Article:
Postted by John 4/15/13
John: These are white gilled,no pink, then grey, then chocolate brown.
Chocolate brown spore print. Don't seem to stain quickly when bruised, rubbed or cut.
Stem easily removed from cap.
Together in the field like a fairy ring. Thin tall stalk-caps 2- 5" wide.
Ring, Partial veil, No volva noticed.
Take a look. I'd appreciate it if you guess. Obviously, I am the decider. Whaddya think? My best guess is Horse mushroom. Agaricus arvensis.
Sava: this is no horse, no Agaricus.
The cap surface in every Agaricus is fibrillose and would never crack in all directions,
the way your picture shows.
What you have is Agrocybe praecox (or a closely related species).
These Agrocybe are very common spring mushrooms here,
growing mostly on wood chips.
Note the farinaceous odor when you break the cap and squash it if needed to make the odor stronger.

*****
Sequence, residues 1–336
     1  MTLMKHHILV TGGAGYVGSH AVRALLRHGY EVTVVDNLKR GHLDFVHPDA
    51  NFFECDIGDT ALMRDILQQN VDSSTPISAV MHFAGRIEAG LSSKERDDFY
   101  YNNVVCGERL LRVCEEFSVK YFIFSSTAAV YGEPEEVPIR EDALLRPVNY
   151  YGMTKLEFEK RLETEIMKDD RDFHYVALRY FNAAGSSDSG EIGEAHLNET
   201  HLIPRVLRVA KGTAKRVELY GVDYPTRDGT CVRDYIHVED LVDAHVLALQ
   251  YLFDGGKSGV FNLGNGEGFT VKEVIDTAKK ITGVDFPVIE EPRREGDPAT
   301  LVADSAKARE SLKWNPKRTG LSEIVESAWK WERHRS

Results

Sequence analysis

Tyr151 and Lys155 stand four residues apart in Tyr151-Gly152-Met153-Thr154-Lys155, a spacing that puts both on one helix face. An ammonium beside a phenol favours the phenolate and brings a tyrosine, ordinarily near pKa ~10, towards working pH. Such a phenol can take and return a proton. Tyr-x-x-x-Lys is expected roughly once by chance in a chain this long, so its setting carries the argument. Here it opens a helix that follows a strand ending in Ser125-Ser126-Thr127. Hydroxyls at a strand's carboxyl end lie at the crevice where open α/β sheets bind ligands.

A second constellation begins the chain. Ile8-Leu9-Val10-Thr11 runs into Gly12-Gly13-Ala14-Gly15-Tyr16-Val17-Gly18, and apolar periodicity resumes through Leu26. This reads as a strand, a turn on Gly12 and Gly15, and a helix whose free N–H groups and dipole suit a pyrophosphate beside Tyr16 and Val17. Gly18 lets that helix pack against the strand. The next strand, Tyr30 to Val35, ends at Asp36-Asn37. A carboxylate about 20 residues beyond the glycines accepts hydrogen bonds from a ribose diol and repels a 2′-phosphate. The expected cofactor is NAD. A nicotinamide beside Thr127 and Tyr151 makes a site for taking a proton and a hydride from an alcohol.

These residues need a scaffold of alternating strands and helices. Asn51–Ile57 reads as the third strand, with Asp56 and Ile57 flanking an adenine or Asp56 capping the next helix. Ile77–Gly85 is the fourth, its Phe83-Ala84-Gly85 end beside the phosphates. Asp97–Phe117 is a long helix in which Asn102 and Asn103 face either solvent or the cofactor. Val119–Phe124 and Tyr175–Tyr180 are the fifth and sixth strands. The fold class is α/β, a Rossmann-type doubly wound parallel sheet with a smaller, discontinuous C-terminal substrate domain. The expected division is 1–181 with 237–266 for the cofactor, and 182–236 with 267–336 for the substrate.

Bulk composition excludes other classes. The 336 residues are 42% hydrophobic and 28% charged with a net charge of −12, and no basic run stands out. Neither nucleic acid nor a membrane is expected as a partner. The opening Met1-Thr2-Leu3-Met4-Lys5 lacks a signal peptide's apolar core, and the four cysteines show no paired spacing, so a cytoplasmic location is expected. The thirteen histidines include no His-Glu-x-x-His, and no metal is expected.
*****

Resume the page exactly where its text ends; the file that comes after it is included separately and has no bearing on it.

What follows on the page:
Lots of Agrocybe around. People brought loads of them to the tables on Saturday
blitz at Kelley Point. Apparently, they are not all the same "A. praecox".
Joe Cohen got identified one of his posts recently as Agrocybe putaminum.
Tonight I came accross a nice paper by Else Vellinga on it and other wood
It's interesting that there are several species that get to new areas with wood chips coming from who knows where. Leratiomyces percevalii, also found by Joe Cohen recently, is one of them. Leratiomyces ceres (= Stropharia aurantiaca) is another. Neither of them seems to have become very common in our area yet.
(You'll find them in Else's article too.)
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